Oh dear…still being prompted by something on Facebook! Am I becoming an addict ?
Recently I was contacted by Roger Turner, who writes pieces about local history for a Herne Bay advertising magazine, he wanted photographs of the raft races that were held in the town. He couldn’t find any. Then someone, I don’t know who, told him that I might have some. I have a whole boxful, about a hundred in all, I gave him the box and told him he could use any of them if they were of any use. This week the little advertising magazine was published with Roger’s article. This morning I woke up to find that the page had been posted on Facebook and had aroused a lot of interest.
It reminded me that at the end of the eighties there was no where, except for the museum and church halls, where you could exhibit art work in the town. What is now the Maharajah restaurant in the bandstand was an empty derelict building. I asked permission to use it as a temporary exhibition area in the summer holiday. Ken made some display stands and I made an exhibition called The Two Hundred Yard Show. I had created all the work in the show using starting points derived from some aspect of the hundred yards on either side. Some of my photos of the raft race were part of it. I also had prints and textiles. I sat in there and worked whilst it was open so that people could come and talk. You may have gathered by now that I am a great believer in communication. I hate artists who say ‘It is what it is, don’t expect me to talk about it’ Of course I totally understand that not all work has a narrative but there is always something to say, even if you explain about the colours you chose or the materials that you used or the fact that it was spontaneous etc.
Health and Safety had just reared it’s ugly head. I sat in there one day weaving a little tapestry on a small frame on my lap. This official guy came up and said ‘You can’t do that in here.’ When I asked why, he said ‘someone could bump into it on your lap!!!’ The raft race was stopped by Health and Safety too I believe. Of course occasionally it was pretty hairy, if the sea was rough or the tide was particularly strong but there were always safety measures. The lifeboat was there and the Rescue boat, with Fred Kent, from the Hampton Pier Yacht Club. What I loved about it was the ingenuity of peoples ideas and the sheer skill that went into some of the rafts.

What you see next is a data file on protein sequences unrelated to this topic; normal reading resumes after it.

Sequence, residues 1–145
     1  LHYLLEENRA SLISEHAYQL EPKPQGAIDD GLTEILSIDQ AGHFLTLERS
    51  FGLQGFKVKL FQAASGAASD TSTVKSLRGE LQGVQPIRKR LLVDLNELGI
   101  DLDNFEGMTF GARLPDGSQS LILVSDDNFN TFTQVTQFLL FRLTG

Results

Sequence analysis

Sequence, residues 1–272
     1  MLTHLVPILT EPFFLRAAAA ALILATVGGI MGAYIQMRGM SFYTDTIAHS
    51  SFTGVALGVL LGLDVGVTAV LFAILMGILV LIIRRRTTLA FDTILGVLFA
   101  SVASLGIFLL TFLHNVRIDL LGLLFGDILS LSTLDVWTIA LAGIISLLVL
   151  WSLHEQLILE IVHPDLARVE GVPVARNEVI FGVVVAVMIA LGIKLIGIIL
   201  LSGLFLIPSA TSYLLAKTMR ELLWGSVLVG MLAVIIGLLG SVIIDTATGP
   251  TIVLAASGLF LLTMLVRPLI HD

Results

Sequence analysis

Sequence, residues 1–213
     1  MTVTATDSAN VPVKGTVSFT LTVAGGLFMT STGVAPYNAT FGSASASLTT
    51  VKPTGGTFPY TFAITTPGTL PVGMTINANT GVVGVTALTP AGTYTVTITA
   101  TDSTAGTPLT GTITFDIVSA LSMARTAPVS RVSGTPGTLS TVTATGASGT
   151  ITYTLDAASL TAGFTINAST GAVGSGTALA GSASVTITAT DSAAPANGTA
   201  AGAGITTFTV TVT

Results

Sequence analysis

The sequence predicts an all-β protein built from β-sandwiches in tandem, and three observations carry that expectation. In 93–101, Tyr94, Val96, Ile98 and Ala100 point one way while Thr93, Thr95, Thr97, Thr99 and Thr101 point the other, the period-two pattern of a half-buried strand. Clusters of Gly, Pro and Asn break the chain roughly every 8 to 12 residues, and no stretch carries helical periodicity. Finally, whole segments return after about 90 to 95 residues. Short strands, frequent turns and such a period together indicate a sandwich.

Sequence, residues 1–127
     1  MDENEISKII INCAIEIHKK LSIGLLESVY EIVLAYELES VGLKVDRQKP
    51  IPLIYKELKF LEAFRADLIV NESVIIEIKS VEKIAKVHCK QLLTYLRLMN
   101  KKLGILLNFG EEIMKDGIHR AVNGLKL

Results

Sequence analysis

This one was brilliantly engineered, fast too. I think they came over from Essex
Then there were the fun ones of course that you knew were going to turn over the minute that they were launched.
Burning Ruba make a promising start.
A small child investigates.
The children are part of it too.
Marley Plank Special with family.
Dogs want ‘in’ too.
New Yorkie , one crazy crew!
and again…..What is that zany bloke in the blind fold getting up to?
It was a real community effort, there were teams from the police, the fire service, hotels (the Hotel St George comes to mind) pubs, clubs and factories, men and women. It was before the harbour arm was built. I would love to see it come back in a slightly different form using the lagoon inside the harbour arm. It could be in the form of time trials or measuring how far a raft could go before it sank. The roads are closed for the car show so surely you could halt normal boat traffic for a while, and there is another ramp.. It needs to be somewhere where people can see it, what could be better than the beach and the harbour arm as viewing venues.
Although I wasn’t skilful or patient enough enough to get correct exposures , I enjoyed documenting all the goings on of which there will be more later. I knew that it wouldn’t be that long before they would become an archive of some kind. I love looking at photos of Herne Bay at the turn of the nineteenth to the twentieth century especially where there are people. There are some that show parades for visiting royalty with beautifully made foliage arches stretching over the roads. It is social history that interests me, not political history, I like knowing how ordinary people lived their lives. What was it like going to the bakers, who cut your hair, what did you wear, who made it etc ?
I have written before about exhibitions that had an effect on me and I would definitely add another one, it was a photography exhibition called the Family of Man and it took ordinary subjects like eating a meal. laughing, being angry, getting married, grieving and showed people from different countries and cultures as they experienced those things. Basically it was about the things that we have in common with all humanity. If I want to cheer myself up I think of one of the images of ordinary people from the mid west of America gathered together in a hall rocking with laughter. If I want to be calm I think of one that shows the back of an old man in robes at the top of a slope looking out into the void… for sheer humanity an image of a very old persons hands holding a pen as they painstakingly learn how to write. I have the book of the exhibition and I treasure it. There are many other photographers whose work has affected me in some way but that book seems seminal. But there is also the unflinching look at the oddity of mankind that stays with me in the work of Diane Arbus…yes I do think documentary photography can play a huge part in bringing us to the understanding that all human beings even the wickedest ones have more in common than that that separates us.The Quakers say that there is that of God in every man but that could be translated as good. I believe that Catholics believe in original sin but I believe in original good. It is what happens to us in life that determines the direction we go in. Sermon over for today! Now let’s finish with something joyous.